Thirty eight is 25 years of wearing makeup and still not understanding how to apply eye liner so it doesn’t smudge all over my face. It’s searching high and low for the magical concealer that will erase the purple beneath my eyes without creasing at the corners of them. It’s wearing clothes that fit the season and my body type, and almost never the latest trend. It’s being in good physical health, and never taking that fact for granted. It’s putting on a wide-brimmed hat and looking exactly like my mother.

Thirty-eight is not fully understanding why, but finding a small, peculiar thrill in menial tasks like refilling soap dispensers and throwing out an old sponge in exchange for a new one. It’s opening the fridge and feeling gratitude for its fullness. It’s appreciating that I’m not living paycheck to paycheck anymore, that we’re actually doing all right, that we’ve hit a smooth spot in the road where we can just cruise for a while. It’s feeling like we’re not just two kids trying to figure it out anymore, but two smart, capable grown-ups who are making plans and getting things done.

Thirty-eight is right in the thick of it, job-wise. It’s working hard and taking pride in getting up each morning knowing I have somewhere to be, and something to do. It’s living within our means and saving for our future; skipping the labels and status symbols because no one really cares what we can and can’t afford, anyway. It’s tightening the belt in a million ways while saving room in the budget for good bread from the bakery and Sunday brunch with fancy lattes, because life’s too short to be joyless, and weekends are too precious to waste on sad oatmeal and drip coffee.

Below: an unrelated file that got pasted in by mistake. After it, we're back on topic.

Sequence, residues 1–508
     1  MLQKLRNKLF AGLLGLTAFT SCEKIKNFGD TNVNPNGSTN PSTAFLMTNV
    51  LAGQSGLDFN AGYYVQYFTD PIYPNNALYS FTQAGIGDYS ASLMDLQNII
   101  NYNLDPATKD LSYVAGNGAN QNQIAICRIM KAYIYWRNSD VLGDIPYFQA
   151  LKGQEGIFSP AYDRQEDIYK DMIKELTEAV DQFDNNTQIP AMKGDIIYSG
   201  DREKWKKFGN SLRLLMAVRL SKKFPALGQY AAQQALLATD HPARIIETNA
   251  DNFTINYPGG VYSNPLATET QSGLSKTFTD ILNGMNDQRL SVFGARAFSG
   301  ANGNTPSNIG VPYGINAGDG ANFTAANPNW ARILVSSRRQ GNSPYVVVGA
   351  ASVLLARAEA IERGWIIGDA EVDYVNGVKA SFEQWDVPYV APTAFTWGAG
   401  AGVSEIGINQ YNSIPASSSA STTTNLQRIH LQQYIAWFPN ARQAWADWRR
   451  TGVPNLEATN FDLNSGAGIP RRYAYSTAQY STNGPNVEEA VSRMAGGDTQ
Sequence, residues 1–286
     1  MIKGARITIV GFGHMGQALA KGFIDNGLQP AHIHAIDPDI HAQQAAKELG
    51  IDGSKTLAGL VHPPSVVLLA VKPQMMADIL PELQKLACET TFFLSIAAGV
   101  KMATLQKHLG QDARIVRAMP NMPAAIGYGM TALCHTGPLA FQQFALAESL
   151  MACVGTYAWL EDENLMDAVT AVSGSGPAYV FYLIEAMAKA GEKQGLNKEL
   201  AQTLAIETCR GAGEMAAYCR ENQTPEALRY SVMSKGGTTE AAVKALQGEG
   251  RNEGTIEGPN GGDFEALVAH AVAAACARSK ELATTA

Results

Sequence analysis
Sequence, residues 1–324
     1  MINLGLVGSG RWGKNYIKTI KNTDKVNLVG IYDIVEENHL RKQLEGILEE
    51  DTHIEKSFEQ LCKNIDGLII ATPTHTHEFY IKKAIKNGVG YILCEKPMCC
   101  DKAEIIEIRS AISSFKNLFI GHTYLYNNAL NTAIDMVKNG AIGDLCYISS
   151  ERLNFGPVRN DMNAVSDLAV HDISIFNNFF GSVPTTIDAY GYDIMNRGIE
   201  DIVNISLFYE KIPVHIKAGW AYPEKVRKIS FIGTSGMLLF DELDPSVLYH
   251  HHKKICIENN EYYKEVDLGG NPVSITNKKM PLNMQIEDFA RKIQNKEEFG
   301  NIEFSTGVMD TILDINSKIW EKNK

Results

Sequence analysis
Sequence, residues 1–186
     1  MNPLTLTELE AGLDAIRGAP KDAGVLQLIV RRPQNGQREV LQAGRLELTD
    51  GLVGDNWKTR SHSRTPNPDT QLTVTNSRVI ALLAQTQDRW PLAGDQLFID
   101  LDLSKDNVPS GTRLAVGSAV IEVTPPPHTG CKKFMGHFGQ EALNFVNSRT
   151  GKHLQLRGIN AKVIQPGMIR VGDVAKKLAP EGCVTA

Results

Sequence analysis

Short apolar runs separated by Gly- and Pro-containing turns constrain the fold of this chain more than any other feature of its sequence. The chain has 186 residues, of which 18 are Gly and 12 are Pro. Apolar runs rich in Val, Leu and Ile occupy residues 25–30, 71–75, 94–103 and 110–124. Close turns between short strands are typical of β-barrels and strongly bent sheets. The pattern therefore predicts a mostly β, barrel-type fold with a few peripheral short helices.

good coffee

Thirty-eight is having more friends who are parents than friends who are not. It’s loving their childrens’ laughter and big hugs and silly songs, but also feeling excited to go home to my quiet apartment, just my husband and me. It’s seeing friends far less often, but treasuring time with them even more. It’s sifting out who and what’s important, and adjusting plans accordingly. It’s fewer acquaintances, deeper connections, richer conversations. It’s being more comfortable saying no. It’s giving up on the idea of pleasing everybody and making good on the promise to always be true to myself.

Thirty-eight is fewer people calling me kiddo, and more and more addressing me as ma’am. It’s being practically invisible to 20-something boys and a sweet juicy peach to divorced 53-year-old men. It’s identifying with the parents in sitcoms instead of the kids. It’s getting excited over things like fancy vegetable peelers and front-loading washers and dryers. It’s passing groups of teenagers on the street and thinking, “Was I ever that loud?”. It’s spending Friday nights at home and feeling completely satisfied.

Thirty-eight is one month away from my 20th high school reunion in Texas. It’s not dieting or working out like crazy to prepare for it, but shopping for a nice dress that fits me well and is impervious to pit stains. It’s hoping they have fried shrimp and name tags because fried shrimp are delicious and I’ve forgotten a whole lot of names. It’s getting excited to reconnect with my first girlfriends, the ones I met in pre-school who’ve grown up to live with their families in beautiful houses but who live on in my mind as pretty 16-year-olds leaning against their first car on 103rd Street. It’s thinking about how simple things were then, but also reflecting on how pretty great things are now.